In this stirring assessment of Tiger Woods, Sampson (The Masters) takes readers through the golfer’s life. Structured by significant moments in Woods’s career—the legendary 1997 Masters tournament; the 2009 PGA Championship loss to Y.E. Yang and Woods’s car accident months later; his stunning 2019 Masters victory—the biography incisively captures the famously inscrutable Woods. Throughout, Sampson weaves snippets of his interviews with Woods along with examples of how the golfer rebuilt his career, such as by hiring golf instructor Sean Foley (“a kettle of fish of a different color... he spoke biomechanics, not Hogan catch-phrases” and listened to rap music), and prepared himself before practice—Woods sometimes waking “at a quarter to four” to prepare for early tee times, an especially arduous task for his aching body. Sampson also provides insights into the early years of Woods’s career, discussing his reluctance to accept the role of “Ambassador of his Race” while also acknowledging father Earl Woods’s determination that his son not face the “racial injustice” he had in his youth. Perhaps most striking, Sampson writes with eloquence about Woods’s recent triumph at the Masters, the culmination of his years of recovery, and how the 2019 victory at age 43 “tapped into our intense and undying interest in tales of redemption.” This is a must-read for Woods’s fans and casual golfers alike. (Oct.)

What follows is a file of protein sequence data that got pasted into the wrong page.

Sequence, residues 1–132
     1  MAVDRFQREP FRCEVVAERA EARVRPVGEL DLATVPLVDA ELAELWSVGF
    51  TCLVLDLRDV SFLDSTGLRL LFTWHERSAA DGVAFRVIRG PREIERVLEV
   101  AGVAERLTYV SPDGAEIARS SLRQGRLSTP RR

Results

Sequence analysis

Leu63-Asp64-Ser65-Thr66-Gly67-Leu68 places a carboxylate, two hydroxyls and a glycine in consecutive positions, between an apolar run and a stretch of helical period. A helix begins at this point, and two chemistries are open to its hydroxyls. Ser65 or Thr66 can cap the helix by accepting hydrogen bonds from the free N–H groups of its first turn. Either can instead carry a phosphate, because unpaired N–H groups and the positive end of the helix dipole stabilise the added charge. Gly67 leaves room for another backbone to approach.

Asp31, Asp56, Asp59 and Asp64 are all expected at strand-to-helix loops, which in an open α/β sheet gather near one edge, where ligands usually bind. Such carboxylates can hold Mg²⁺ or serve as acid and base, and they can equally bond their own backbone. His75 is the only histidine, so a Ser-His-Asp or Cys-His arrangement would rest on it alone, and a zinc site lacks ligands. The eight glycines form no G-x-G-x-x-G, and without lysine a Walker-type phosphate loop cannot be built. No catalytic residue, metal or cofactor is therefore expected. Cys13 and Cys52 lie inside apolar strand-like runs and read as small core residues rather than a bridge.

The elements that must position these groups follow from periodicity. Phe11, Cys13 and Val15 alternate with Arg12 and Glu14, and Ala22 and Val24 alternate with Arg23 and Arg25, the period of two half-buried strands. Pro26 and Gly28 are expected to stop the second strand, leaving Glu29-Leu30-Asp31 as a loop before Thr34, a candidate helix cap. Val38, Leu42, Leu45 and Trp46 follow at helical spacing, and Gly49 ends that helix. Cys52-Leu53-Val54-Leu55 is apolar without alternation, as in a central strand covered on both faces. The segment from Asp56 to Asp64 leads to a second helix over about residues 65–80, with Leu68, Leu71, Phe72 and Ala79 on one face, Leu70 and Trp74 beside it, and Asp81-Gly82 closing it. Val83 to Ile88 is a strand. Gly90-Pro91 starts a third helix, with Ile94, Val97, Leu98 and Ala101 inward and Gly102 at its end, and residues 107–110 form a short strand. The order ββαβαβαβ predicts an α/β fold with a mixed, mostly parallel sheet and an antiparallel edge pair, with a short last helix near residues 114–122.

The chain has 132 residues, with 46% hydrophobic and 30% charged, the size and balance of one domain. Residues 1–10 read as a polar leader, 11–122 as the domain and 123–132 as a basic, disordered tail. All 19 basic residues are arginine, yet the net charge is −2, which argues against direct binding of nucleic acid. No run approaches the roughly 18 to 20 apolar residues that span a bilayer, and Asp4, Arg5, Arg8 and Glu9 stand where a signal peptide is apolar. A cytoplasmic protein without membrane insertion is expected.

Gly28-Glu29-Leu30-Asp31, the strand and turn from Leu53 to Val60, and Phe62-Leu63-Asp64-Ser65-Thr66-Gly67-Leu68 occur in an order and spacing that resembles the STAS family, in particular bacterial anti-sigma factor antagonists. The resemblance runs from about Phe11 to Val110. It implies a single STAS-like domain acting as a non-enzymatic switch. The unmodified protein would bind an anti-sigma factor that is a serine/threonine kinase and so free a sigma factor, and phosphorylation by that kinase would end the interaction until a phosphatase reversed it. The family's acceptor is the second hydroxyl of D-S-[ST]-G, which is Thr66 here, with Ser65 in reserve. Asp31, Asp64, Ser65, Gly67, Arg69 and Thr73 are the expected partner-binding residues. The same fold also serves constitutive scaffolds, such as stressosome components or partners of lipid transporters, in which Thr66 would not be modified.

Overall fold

Correction: An earlier version of this review incorrectly noted Tiger Woods's age when won the 2019 Masters.
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